This court agrees with appellant that one might sensibly infer that respondent would not destroy a videotape depicting a favorable version of an incident involving an altercation between a patient and security. Common sense tells us that normal prudent hospital policy would call for a copy to be preserved in the event a lawsuit developed. But our decision must be based on the record before us. Nothing in the record indicates a deliberate destruction of the videotape. We only have respondent's word for the bare assertion that no copy was made and that there is no videotape in existence. But, unfortunately for appellant, nothing in the record indicates that a copy has been preserved, nor does anything in the record indicate that respondents deliberately destroyed a videotape that would have reflected negatively on them. All the record shows is that the videotape was not "in respondent's control" for production at trial because supposedly it had been routinely destroyed after thirty days due to lack of a timely request. Appellant cannot show otherwise. Based on the facts before us, we cannot say the district court abused its discretion by refusing to allow the requested jury instructions.

In addition, appellant requested that an instruction be given on the standard for placing someone on a 72-hour hold. The standard requires that "[a] copy of the statement shall be personally served on the person immediately upon admission." Minn. Stat. § 253B.05, subd. 1(b) (1994). Appellant points out that Houston admits he failed to personally give appellant a copy of the 72-hour hold order. Houston testified, however, that security staff never see a copy of 72-hour hold orders to avoid violating physician-patient confidentiality. On the facts before us, we cannot even conclude appellant did not receive the 72-hold order on admission as per hospital policy. The trial court did not abuse its discretion as the proposed instruction appears pointless.

II. Documentary Evidence

Buck asserts he laid a sufficient foundation to admit an audiotape of a conversation between himself and Houston. We disagree. Parties lay an adequate foundation to admit documentary evidence when they present sufficient testimony "to support a finding that the matter in question is what its proponent claims." Minn. R. Evid. 901(a). Sufficient testimony to lay a foundation for admission of an audiotape includes showing no changes, additions, or deletions have been made. Furlev Sales & Assocs. v. North Am. Automotive Warehouse, 325 N.W.2d 20, 27-28 n.9 (Minn. 1982). Sufficiency of foundation evidence is within the discretion of the trial court. McKay's Family Dodge v. Hardrives, Inc., 480 N.W.2d 141, 147 (Minn. App. 1992), review denied (Minn. Mar. 26, 1992).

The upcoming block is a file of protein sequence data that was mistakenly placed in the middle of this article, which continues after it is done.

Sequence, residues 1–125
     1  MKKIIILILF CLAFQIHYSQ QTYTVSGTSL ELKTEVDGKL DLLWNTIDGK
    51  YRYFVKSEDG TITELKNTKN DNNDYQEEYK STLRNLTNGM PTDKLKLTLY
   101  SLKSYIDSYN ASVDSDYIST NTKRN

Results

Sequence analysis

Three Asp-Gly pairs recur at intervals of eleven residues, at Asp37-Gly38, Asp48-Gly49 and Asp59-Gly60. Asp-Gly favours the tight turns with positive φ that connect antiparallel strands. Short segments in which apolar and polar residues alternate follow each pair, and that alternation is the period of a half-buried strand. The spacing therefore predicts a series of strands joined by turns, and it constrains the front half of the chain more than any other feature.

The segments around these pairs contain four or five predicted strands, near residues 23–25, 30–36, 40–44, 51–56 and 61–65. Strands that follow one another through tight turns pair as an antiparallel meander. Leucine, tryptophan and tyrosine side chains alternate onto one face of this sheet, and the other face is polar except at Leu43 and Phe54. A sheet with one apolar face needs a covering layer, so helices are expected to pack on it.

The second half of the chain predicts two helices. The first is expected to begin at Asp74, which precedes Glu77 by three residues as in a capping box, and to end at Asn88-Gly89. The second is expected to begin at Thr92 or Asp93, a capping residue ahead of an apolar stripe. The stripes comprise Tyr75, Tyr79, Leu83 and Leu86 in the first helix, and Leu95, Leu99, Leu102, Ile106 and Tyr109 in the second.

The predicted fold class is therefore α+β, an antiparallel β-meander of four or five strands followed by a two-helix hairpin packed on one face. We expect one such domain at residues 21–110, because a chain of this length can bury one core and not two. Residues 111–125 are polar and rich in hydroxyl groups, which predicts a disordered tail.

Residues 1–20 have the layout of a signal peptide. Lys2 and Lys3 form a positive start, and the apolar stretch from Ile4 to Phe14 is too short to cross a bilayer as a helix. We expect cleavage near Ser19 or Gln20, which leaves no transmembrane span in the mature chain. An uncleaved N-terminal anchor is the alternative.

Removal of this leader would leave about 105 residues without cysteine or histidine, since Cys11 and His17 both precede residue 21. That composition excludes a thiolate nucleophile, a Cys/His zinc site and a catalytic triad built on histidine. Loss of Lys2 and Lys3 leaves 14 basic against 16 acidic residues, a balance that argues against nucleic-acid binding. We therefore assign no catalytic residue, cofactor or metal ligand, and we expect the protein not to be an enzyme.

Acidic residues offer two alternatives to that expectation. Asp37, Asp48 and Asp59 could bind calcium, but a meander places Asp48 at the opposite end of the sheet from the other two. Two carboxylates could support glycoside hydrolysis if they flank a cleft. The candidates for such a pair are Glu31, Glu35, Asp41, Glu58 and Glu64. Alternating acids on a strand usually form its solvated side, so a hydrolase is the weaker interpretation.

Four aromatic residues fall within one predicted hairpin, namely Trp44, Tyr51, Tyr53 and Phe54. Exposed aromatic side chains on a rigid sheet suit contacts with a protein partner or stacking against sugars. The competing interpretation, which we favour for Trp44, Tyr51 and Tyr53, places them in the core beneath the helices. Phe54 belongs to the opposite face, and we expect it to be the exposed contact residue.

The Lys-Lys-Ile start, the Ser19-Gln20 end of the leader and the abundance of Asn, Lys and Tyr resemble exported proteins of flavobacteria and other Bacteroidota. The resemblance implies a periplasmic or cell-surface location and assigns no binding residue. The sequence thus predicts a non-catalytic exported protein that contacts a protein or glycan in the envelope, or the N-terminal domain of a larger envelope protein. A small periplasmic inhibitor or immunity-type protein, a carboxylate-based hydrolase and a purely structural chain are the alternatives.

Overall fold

The partial transcript provided by appellant does not include testimony that properly laid a foundation to admit the audiotape. Any objections raised or statements from the bench at that time were, likewise, not provided. During proceedings in chambers, appellant admitted "there may have been some deletions on the tape." Based on these facts and the limited record before this court, we cannot say the trial court abused its discretion in suppressing appellant's audiotape.

III. Rebuttal Testimony

Rebuttal evidence explains, contradicts, or refutes a party's evidence. Van Tassel v. Patterson, 235 Minn. 152, 160, 50 N.W.2d 113, 117 (1951). The determination of what evidence constitutes proper rebuttal evidence "rests almost wholly in the discretion of the trial court." Briggs v. Chicago Great W. Ry., 248 Minn. 418, 427, 80 N.W.2d 625, 633 (1957).

Appellant's assertion that the trial court abused its discretion by refusing to allow the rebuttal testimony of Jerome Ritter is without merit. A review of the partial transcript provided does not reveal any evidenced of trial court error.

IV. Motion to Strike

An appellate court may not base its decision on matters outside the record on appeal and may not consider matters not produced and received in evidence by the trial court. Thiele v. Stich, 425 N.W.2d 580, 582-83 (Minn. 1988). Respondents filed a motion to strike three documents from appellant's appendix, arguing that the documents are not part of the record on appeal. We deny respondents' motion to strike the transcript of taped conversations between Buck and Houston. We agree that appellant improperly included the partial transcript of Richard Houston's deposition and Defendants' Responses to Plaintiff's Interrogatories and thus, we grant respondents' motion to strike those documents. We deny respondents' associated motion for sanctions against appellant.